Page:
Guardian Angel

“My mom says that cigarettes are bad for you!”

“Cigarettes are bad for an average human being, but not me. I’m too damn cool to let smoke rot my heart away.”

“Your heart can’t rot because you don’t have one, to begin with.”

“Finally, one of you noticed it. I thought I couldn’t make it any more obvious.”

“We noticed; we talk about it all the time.”

“We think you run off of cigarette smoke, like a car running on gas.”

“Or a bear only eating honey for winter.”

“Guys, what of her heart is made out of smoke? That’d be kinda cool actually.”

“That wouldn’t make sense, she’d be dead by now.”

“So… that’d mean she’s a zombie!”

“Shit, scary zombie lady!”

“Alright, the three of you relax,” I scream, grabbing their attention. I toss the cigarette, stomping it into the concrete. “You all remember what I told you. Smoking is bad and you should never do it, but I’m immune so it doesn’t apply to me, and none of you should be cursing, ever! Got that?”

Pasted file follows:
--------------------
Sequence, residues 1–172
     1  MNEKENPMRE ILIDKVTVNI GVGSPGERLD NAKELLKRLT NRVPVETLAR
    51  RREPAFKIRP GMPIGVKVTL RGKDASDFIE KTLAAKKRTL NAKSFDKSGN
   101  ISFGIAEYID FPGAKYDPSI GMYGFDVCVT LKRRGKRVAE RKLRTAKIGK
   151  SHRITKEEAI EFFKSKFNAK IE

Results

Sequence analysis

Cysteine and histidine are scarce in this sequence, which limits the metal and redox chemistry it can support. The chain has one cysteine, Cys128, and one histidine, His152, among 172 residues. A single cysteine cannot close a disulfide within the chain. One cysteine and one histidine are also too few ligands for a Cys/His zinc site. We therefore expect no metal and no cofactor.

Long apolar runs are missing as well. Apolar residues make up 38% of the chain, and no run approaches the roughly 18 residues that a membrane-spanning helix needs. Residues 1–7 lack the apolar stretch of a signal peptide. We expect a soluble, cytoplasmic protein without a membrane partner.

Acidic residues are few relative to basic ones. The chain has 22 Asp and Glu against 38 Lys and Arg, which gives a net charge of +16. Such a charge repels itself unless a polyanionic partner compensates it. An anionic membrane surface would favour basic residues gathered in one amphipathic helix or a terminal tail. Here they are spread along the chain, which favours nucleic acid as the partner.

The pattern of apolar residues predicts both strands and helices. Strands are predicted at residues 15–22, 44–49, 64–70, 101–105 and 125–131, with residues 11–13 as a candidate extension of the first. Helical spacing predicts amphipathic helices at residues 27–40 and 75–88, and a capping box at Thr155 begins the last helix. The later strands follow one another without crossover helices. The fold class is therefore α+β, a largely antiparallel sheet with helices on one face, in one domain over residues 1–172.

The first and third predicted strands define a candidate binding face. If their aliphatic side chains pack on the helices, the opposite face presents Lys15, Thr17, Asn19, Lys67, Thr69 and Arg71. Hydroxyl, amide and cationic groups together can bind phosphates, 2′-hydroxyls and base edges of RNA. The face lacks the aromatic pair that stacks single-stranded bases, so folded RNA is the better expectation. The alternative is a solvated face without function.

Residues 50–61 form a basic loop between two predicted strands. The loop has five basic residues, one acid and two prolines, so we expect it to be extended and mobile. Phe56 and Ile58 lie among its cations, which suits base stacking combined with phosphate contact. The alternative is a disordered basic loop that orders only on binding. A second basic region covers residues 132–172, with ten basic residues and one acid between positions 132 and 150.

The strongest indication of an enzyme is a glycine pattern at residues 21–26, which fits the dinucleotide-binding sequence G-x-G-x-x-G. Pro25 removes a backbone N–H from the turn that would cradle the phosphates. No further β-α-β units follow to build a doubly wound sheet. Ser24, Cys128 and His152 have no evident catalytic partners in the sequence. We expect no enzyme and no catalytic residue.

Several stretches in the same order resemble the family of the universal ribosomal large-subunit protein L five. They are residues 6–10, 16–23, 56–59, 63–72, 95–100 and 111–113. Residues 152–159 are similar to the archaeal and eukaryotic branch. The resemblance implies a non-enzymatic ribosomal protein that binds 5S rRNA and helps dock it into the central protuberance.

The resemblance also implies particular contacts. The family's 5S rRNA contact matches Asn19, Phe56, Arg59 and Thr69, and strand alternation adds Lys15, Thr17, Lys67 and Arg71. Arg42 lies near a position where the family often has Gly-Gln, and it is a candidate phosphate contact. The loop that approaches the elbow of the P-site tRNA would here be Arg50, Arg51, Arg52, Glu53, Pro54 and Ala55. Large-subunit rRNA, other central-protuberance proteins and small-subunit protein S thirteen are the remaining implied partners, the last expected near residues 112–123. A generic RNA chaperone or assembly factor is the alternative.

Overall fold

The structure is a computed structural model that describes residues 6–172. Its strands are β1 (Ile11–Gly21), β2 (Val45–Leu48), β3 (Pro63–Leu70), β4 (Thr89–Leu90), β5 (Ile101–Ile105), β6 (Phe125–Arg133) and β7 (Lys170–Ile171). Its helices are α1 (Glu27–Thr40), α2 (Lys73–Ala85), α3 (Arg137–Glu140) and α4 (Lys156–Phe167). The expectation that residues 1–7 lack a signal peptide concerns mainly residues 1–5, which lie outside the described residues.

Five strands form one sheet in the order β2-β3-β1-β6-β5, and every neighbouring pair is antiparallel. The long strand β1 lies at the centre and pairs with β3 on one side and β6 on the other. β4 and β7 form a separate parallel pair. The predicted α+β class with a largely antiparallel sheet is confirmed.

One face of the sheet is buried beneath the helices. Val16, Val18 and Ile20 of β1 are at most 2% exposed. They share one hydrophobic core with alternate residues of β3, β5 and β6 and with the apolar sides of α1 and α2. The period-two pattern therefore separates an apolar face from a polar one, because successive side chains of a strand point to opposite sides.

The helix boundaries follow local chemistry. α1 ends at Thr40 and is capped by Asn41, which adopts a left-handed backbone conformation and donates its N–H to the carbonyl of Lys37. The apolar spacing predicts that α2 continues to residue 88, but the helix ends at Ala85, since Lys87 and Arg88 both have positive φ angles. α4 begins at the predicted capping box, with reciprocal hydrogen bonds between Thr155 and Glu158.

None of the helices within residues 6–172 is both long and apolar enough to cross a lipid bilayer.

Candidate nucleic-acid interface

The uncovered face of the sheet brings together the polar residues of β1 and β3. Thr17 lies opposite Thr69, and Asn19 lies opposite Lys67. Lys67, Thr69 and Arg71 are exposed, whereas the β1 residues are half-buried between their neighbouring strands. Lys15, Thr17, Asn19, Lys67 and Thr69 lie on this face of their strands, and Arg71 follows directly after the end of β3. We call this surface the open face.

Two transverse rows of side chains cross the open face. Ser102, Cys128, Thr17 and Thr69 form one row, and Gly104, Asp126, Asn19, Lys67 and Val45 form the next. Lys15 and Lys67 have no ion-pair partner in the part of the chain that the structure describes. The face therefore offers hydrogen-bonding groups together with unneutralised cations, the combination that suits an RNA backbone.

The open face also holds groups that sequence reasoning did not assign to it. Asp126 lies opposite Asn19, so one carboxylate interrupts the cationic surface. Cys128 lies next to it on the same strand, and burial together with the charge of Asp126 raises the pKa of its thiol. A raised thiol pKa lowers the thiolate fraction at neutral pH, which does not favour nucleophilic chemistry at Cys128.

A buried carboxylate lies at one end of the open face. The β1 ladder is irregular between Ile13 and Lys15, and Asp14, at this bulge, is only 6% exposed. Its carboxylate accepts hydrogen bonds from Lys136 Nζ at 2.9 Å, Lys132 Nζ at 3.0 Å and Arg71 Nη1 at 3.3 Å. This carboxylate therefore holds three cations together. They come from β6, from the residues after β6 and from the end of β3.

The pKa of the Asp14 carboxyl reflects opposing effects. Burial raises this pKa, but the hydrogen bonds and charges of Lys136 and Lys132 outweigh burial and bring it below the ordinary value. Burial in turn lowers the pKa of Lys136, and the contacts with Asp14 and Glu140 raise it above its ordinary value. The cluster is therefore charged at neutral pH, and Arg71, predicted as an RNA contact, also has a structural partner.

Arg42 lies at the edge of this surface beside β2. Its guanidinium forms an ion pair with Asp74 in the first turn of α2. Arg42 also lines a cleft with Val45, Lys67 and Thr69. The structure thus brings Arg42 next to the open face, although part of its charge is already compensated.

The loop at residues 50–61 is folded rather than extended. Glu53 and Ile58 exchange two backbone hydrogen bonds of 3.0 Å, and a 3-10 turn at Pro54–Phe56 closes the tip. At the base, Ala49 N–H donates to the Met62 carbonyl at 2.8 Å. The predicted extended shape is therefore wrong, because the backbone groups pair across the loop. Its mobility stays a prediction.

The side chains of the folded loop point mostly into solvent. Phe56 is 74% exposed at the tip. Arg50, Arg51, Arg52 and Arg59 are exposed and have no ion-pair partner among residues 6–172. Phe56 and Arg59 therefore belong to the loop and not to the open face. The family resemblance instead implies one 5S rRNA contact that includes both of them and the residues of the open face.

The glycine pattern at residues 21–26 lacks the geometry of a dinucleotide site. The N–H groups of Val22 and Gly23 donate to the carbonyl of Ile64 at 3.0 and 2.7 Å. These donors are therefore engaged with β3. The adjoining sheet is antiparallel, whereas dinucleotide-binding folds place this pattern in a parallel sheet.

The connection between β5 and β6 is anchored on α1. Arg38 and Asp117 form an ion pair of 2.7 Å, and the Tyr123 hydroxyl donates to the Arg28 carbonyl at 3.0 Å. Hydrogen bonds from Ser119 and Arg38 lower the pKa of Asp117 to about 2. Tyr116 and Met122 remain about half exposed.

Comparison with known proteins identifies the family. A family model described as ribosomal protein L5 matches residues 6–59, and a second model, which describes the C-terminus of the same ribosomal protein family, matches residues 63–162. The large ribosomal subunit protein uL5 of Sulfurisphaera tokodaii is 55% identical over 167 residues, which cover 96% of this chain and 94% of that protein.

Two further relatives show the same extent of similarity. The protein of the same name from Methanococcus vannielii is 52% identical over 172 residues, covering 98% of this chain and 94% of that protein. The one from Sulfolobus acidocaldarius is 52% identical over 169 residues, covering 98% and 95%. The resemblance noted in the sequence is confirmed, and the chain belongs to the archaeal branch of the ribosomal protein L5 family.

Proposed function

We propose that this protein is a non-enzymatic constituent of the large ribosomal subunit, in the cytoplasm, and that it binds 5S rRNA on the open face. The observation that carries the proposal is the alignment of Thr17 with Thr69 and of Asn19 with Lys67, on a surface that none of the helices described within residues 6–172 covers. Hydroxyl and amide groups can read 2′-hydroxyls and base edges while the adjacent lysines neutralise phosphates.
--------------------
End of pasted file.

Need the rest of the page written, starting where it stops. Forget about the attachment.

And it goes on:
“We understand, Andrea,” the kids say in unison.

“And whenever you see me smoking, always call me out on it, no matter how I react.

“Okay,” they say in sync again.

“Andrea, I have a question.”

“Yes, Dale?”

“If you know that smoking is wrong, then why do you keep doing it?”

“Because Dale, it’s hard for me to quit, and being around you kids pushes me to try harder to do so. That’s why I want all of you to keep telling me how bad it is.”

“Oh okay… but what makes it so hard to quit?”

“Let’s just say there’s something in it that makes you feel good, even though it’s bad for you.”

“Wait, I think I know what it’s called,” Tania interrupts. “It’s nicotine, right?”

“Wow, I’m surprised that you knew that. Where’d you learn that from?”